RENEE MONTAGNE, host:
Longstanding rivals India and Pakistan continue their peace process. Today they're meeting to discuss ways to fight terrorism, a first for the two countries. Thousands of people have died in sectarian and political attacks on temples, railroads and other places both in majority Hindu India and majority Muslim Pakistan.
Commentator Bilal Qureshi recalls an earlier era of conflict when Pakistan was being split off from India.
Mr. BILAL QURESHI: My family is from the state of Punjab. In 1947, my grandfather traveled by train to the city of Lahore. The Punjab was being partitioned along religious lines and he was fleeing sectarian violence along with millions of other Muslims.
But before they reached their destination, a mob of Hindus and Sikhs attacked the train with knives and machetes. Two of my great aunts were killed, their throats slit by the attackers. My grandfather escaped and made his way to what is now Pakistan. Other trains carrying Hindus and Sikhs to India were attacked by Muslims. There were reports of trains arriving at their destinations filled with dead bodies.
In 2004, after almost 60 years of conflict, the train links between India and Pakistan reopened as a hope for reconciliation. The train was called the Samjhauta Express, which means agreement, friendship and peace. Last month bombs went off on the Samjhauta Express. Dozens of people were killed. Most of the passengers were Pakistanis visiting friends and family across the border in India, some for the first time in decades.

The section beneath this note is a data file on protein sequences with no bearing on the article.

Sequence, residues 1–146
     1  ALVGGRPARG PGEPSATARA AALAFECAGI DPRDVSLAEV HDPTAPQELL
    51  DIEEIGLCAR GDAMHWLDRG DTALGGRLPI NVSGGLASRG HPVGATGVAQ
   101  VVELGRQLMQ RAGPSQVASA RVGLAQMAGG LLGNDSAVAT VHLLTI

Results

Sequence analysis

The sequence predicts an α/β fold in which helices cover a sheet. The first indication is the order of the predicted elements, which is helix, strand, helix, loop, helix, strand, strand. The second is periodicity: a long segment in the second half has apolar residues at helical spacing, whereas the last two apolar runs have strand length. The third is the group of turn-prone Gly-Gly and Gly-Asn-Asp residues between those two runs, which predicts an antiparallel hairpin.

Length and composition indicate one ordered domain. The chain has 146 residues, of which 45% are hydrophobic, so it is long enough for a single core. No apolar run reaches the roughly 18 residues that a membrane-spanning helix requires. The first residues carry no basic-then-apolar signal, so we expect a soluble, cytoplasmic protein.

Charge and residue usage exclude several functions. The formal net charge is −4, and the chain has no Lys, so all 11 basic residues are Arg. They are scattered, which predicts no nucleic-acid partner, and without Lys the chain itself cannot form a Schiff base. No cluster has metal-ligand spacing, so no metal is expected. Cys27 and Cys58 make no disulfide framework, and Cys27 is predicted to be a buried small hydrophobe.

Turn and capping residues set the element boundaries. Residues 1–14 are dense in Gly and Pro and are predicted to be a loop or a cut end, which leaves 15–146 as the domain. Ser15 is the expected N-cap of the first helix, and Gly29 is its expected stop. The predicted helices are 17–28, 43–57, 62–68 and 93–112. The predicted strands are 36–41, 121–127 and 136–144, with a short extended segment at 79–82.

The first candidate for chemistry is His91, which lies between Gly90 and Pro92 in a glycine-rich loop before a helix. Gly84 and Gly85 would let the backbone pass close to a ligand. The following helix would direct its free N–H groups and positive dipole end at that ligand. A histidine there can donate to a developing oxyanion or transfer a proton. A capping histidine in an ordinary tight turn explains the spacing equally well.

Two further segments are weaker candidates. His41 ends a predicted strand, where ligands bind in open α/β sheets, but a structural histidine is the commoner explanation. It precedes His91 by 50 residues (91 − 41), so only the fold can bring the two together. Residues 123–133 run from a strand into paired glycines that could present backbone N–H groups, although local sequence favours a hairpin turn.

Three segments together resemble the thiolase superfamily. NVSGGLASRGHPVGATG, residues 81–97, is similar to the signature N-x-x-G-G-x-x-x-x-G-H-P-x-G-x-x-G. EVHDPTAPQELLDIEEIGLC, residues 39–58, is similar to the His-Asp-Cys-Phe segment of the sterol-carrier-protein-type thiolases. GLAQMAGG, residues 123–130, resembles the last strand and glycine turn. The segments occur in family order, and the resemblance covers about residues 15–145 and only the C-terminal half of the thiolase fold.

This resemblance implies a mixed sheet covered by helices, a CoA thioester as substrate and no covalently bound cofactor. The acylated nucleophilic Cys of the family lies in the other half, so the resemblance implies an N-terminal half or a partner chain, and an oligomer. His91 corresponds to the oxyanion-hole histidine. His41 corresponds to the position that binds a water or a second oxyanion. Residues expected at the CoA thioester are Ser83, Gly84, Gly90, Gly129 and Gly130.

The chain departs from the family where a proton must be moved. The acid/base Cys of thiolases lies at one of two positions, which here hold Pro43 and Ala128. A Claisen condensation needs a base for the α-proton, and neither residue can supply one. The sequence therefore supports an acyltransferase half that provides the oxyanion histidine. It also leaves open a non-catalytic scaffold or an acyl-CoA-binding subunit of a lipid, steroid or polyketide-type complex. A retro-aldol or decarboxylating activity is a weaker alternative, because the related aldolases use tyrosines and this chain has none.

The attacks on this train showed there are still people who wish to derail the peace process. For centuries before the partition of Punjab, Hindus, Muslims and Sikhs live together in Delhi, Lahore and other cities. And to this day, Punjabis in India and Pakistan share a common language and culture.
When I returned to Pakistan last year, I traveled to the border with India. On both sides of the barbed wire impassioned crowds were shouting nationalist slogans at each other. It felt so unnatural. They looked the same, they spoke the same language and even used the same expressions. But the uniformed soldiers with their guns made the border seem very real.
My grandfather used to tell stories of his Hindu best friends and Sikh neighbors in his beloved hometown of Gurdaspur in India. He never had a chance to return to his ancestral home after partition. He died in Pakistan, yearning to see that city once again.
I plan to return to Lahore this summer. When I do, I will board the Samjhauta Express to India and make the journey my grandfather never had the chance to complete.
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MONTAGNE: Commentator Bilal Qureshi is a graduate student at Columbia University.
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MONTAGNE: You're listening to MORNING EDITION from NPR News.
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